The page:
Because we are reacting irrationally, we tend to take out our frustrations on people who didn’t cause it. We have misplaced anger.

If you look at the unrest in the big cities since George Floyd’s death, you will see how this can erupt. People in Atlanta, Portland, and New York directed their anger at people who never came within 1500 miles of Mr. Floyd.

If your hours got cut because of Covid, you may be angry at your manager or boss. You may be angry at your local school because your having to take time to help your kids with Zoom calls. All of this anger is normal, but it is misplaced.

Stage #3: Investigation

The next phase is when you really start to process what has happened. The first stage in this phase is the Stage of Investigation. This is where you try to establish some familiarity, you might feel some confusion, and you are starting to look at how you can adapt to this change.

For instance, you may have gotten laid-off or had your hours cut, but you still wake up at the same time. You want to keep to your established routine. Or, maybe your gym got closed, so you went out and bought exercise equipment for the home.

At this point, a lot of people will ask themselves a question like, “Well, some people are doing okay at this time. Why does it seem like I am being hurt when others are not?”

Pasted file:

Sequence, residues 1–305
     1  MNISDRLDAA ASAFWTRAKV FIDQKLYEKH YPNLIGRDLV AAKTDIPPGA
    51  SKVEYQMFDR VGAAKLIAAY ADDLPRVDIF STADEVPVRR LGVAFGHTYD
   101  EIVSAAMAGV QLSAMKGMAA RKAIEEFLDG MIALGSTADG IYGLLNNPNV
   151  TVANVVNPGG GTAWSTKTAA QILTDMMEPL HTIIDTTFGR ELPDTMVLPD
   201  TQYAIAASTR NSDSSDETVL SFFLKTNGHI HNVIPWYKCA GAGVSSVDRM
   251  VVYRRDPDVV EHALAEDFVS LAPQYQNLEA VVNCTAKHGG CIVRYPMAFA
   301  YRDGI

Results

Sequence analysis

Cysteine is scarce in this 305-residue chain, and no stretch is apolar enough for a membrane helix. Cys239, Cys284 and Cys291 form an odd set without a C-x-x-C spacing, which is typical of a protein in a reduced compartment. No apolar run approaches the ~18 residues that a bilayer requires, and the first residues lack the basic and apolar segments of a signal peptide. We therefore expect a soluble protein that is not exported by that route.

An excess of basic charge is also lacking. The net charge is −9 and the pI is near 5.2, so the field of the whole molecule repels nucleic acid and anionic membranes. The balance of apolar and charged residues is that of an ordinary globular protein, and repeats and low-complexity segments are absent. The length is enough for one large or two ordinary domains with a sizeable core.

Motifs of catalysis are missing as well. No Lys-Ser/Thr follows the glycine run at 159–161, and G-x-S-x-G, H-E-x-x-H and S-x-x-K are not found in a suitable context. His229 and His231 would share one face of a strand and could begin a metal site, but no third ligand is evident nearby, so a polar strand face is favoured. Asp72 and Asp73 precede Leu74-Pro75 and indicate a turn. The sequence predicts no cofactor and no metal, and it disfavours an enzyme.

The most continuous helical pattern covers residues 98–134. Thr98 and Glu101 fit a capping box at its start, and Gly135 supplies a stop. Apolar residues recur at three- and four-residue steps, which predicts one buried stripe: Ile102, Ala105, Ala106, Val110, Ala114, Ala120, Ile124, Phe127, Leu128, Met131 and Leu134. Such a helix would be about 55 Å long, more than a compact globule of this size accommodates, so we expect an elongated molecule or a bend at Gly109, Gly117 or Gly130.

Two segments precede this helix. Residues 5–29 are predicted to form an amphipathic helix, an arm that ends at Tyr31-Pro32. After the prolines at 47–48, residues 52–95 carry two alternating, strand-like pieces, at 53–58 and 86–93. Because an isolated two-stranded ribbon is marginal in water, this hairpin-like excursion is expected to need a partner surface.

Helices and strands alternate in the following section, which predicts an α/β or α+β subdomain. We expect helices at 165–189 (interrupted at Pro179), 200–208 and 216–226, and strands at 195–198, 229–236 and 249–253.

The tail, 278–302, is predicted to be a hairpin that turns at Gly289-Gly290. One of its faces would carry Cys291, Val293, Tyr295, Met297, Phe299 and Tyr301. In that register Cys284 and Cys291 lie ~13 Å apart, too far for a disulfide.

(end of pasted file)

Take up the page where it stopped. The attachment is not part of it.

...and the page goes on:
This is a very critical time during the process. If your answer to this question is, “Because [an antagonist] is out to get me,” you will fall back into Stage #2 — Frustration. The antagonist could be my boss, my mayor, my governor, the president, Democrats, Republicans, racists, people who don’t wear masks, people who wear masks, protestors, or any other evil person/thing you can think of.

If, however, you respond by looking at a way to positively adapt to the change, you move to Stage #4.

We call this the danger zone. Your attitude determines whether you adapt or fall victim to circumstance.

Stage #4: Hope

If you respond with a more positive attitude you can enter the Stage of Hope. This is when you feel energized and you can start to see the light at the end of the tunnel. You will start coming up with new ideas. Creativity starts to blossom.

For us, we saw this as the perfect way to reach out via social media to many of our followers.

In addition, my boss always wanted to spend more time creating online courses and training sessions. Prior to Covid, though, we just didn’t have a lot of time. When Covid hit, though, we had a LOT of time. So, we spent the first month or so creating an entire online library of online leadership courses and online public speaking courses.

We also started looking to do more online coaching and virtual sessions. The ideas were flowing, and the energy in the company erupted. We were having fun creating new solutions during a challenging time.

Stage #5: Adapt